Monday, February 24, 2014
Why the Ancients may have really created gold
The ancients were a creative bunch. To them we owe our gratitude for immense works of art; paintings, sculptures, inventions, architecture, literature, to name just a few of the many creative accomplishments that have made our world a better place to live in.
To some ancients, though, it was not art that they wanted to create. It was
gold and probably all that could be obtained with gold. While some did the usual things to obtain gold, work, mine for it or even steal it, a creative group of men decided to make gold a different way. It was their belief that they could actually create it out of other materials. (I say men only as I have not found anything to prove any particular woman involved in this “science.” and they really didn't include women much in such things back then.) Gold is a particularly beautiful thing, has a lot of wonderful properties besides just making jewelry and to use for currency, so it is no wonder that someone would come up with the idea to just make it out of nothing, or to make it out of a cheaper material. Gold never corrodes, and can be flattened out to infinitesimally small sheets, some only atoms thick. It is used now in technological and medical industries, as well as for currency, artifacts, and jewelry just for starters.
I was intrigued by the question of whether the ancients really could create gold. The idea of having however much gold you wanted was an interesting idea. If you could make it, you wouldn't have to search for it, like some treasure hunters did. Paracelsus, the father of chemistry, called alchemy, "the treasure of treasures" for alchemists.
From what I gathered from reading old alchemy texts was that one first had to obtain what was called, "the Philosophers stone." But this was just the beginning of a very complicated process that with time, eventually evolved into what we know to be chemistry. Because alchemists had need to keep their processes secret, both from the church fathers as well as the state, they wrote their texts in very complex and obscured language, using symbols and allegory to keep the uninitiated away.
It was felt from the time of Aristotle that all matter consisted of four elements, namely earth, air, water and fire. The alchemists believed that in the correct proportions and combinations, that the base elements could be rearranged by the use of heat as well as other processes, to transmute them into gold. The main goal of alchemy was to transmute lead into gold. Lead, it is now known has the atomic number 82 and gold the atomic number 79, which are defined as elements by the number of protons they possess, and changing the element requires changing the atomic number or protons. These protons can't be changed by any chemical means. However, by the use of physics, protons can be added or removed to change one element into another. To change the three protons of lead, an enormous amount of energy is required, so that the cost of transmuting it would greatly outweigh the value of the manufactured gold. It wasn't until the 19th century that their assumption that there were only four elements was found to be false.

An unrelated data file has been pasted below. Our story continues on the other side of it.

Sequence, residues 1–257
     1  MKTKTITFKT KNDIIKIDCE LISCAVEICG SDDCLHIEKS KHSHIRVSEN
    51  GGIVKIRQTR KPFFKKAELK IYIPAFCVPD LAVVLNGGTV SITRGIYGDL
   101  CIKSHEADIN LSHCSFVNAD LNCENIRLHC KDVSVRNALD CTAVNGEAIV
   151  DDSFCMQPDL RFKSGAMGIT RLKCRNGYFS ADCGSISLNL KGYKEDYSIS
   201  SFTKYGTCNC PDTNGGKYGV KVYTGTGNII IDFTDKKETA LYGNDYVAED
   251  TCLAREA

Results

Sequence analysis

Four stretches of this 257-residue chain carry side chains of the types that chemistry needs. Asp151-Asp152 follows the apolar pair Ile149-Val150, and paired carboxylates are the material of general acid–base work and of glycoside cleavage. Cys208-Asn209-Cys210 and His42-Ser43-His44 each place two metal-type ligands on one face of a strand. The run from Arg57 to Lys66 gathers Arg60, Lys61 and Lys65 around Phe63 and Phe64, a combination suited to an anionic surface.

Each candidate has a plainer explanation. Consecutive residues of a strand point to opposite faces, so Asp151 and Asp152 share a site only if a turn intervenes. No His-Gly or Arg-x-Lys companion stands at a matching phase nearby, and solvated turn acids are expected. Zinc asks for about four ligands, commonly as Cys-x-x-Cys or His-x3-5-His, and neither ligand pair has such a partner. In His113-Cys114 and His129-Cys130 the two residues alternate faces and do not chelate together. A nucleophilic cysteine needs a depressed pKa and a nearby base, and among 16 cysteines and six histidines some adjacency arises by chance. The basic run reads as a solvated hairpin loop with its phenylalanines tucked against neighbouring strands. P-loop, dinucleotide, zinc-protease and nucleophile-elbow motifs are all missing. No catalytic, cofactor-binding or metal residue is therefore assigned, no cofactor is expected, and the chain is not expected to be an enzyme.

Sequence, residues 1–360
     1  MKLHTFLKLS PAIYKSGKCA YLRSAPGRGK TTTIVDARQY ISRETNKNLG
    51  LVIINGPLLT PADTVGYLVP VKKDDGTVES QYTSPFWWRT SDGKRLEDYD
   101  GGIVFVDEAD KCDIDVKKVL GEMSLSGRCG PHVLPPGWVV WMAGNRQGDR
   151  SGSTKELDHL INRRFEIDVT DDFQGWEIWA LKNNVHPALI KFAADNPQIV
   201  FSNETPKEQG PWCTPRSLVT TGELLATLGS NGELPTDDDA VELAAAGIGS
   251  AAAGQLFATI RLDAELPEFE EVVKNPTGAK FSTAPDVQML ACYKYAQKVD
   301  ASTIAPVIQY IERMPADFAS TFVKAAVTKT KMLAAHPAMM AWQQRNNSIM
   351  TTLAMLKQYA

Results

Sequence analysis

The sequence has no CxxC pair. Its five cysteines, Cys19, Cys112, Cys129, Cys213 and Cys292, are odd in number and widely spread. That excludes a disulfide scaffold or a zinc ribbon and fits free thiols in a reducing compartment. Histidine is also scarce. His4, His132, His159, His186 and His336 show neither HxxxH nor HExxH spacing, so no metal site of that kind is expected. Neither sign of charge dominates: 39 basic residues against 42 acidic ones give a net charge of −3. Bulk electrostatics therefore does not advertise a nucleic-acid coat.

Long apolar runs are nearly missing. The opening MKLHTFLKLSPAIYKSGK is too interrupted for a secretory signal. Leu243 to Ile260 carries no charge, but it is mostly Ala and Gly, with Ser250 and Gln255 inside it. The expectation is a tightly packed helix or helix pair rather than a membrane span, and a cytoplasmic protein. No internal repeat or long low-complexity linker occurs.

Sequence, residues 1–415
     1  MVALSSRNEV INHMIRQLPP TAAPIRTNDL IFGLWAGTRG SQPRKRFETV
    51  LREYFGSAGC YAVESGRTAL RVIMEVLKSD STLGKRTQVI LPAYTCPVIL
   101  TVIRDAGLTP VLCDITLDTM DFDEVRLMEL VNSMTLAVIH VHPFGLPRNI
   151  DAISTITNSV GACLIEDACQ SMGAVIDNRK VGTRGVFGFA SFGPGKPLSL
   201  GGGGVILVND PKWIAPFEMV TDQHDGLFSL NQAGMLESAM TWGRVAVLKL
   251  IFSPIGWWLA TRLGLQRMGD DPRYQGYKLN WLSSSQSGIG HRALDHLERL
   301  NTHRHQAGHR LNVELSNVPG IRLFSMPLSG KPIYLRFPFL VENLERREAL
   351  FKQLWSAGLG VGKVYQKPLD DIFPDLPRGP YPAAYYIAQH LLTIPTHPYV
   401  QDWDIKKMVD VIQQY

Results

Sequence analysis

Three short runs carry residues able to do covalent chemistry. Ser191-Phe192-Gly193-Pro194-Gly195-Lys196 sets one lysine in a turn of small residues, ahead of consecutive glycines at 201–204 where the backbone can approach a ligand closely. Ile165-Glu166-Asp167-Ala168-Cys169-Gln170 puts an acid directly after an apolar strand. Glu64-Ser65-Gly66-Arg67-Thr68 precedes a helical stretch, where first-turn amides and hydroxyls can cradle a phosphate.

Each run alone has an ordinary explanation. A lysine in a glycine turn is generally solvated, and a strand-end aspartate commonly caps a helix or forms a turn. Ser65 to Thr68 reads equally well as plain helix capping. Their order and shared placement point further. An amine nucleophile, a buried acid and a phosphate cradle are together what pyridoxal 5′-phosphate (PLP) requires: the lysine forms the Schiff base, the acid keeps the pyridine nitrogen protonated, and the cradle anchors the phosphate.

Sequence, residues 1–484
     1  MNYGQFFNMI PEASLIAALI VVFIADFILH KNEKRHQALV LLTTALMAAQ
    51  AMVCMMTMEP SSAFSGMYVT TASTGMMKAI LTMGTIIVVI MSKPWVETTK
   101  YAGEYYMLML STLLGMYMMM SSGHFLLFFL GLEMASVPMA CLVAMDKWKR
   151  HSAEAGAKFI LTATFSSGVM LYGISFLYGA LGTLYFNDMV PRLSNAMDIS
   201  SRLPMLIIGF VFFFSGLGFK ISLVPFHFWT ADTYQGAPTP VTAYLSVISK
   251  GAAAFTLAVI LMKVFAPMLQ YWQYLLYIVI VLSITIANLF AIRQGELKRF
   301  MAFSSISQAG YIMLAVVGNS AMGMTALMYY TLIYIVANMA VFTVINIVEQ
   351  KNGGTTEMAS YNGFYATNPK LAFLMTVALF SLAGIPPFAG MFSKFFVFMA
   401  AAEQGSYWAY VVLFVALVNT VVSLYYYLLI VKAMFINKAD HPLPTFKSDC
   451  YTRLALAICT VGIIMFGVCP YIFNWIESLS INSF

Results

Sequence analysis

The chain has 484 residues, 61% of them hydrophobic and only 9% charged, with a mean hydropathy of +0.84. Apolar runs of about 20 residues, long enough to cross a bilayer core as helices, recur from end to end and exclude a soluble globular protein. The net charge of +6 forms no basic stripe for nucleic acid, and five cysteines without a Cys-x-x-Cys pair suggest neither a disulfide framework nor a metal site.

With the 20th century and the atomic age, the discovery of ways to break down the elements to their basic structures to form new compounds was not just a medieval superstition any longer. The Hadron collider built in 2008 has not only recreated known elements, it has created two new elements on the periodic table, namely ununqadium (114) and ununhexium (116).Today these particle accelerators transmute elements on a regular basis. There is some discussion on websites that feel that the transmutation of gold has been achieved, reportedly first in 1951 by Glenn Seaborg who succeeded in changing a miniscule amount of lead into gold.
Nuclear reactors also may used for creating elements, although the conditions are less controlled. Reportedly in 1972 in the Soviet Union, physicists at a nuclear research plant discovered that they had inadvertently created gold when the lead covering of a reactor transmuted. I would think that any gold created from these processes would not only be extremely costly and time-consuming, it would also be harmful and transient, as would probably decay back into lead quickly.
In view of fact that scientists were now able to make new elements, I feel that it may be theoretically possible that the ancients were able to achieve some level of element creation even without the use of particle accelerators. It just took them a lot longer, probably years, to see any effect. It has been shown that new elements can be man-made, unfortunately the reports that gold was created have not been substantiated and we have nothing to really prove the matter. Even if they did not create gold, it shows the drive to create something can be very strong and can lead to some beneficial creations (as well as some not so beneficial ones too sometimes.)
Well since I don't own a crucible and I really don't think I have that much time to sit around and stir up gold,. I guess I will go out and buy a lottery ticket. Wish me luck! Thanks for reading. If you would like to contact me email me.
Check out Alchemy Lab for info on Paracelsus. If you would like to research alchemy further, check out The Alchemy Web Site. It is very in-depth but very interesting too. Information about the Hadron Collider, new elements and superconductors can be found at the official site of C.E.R.N.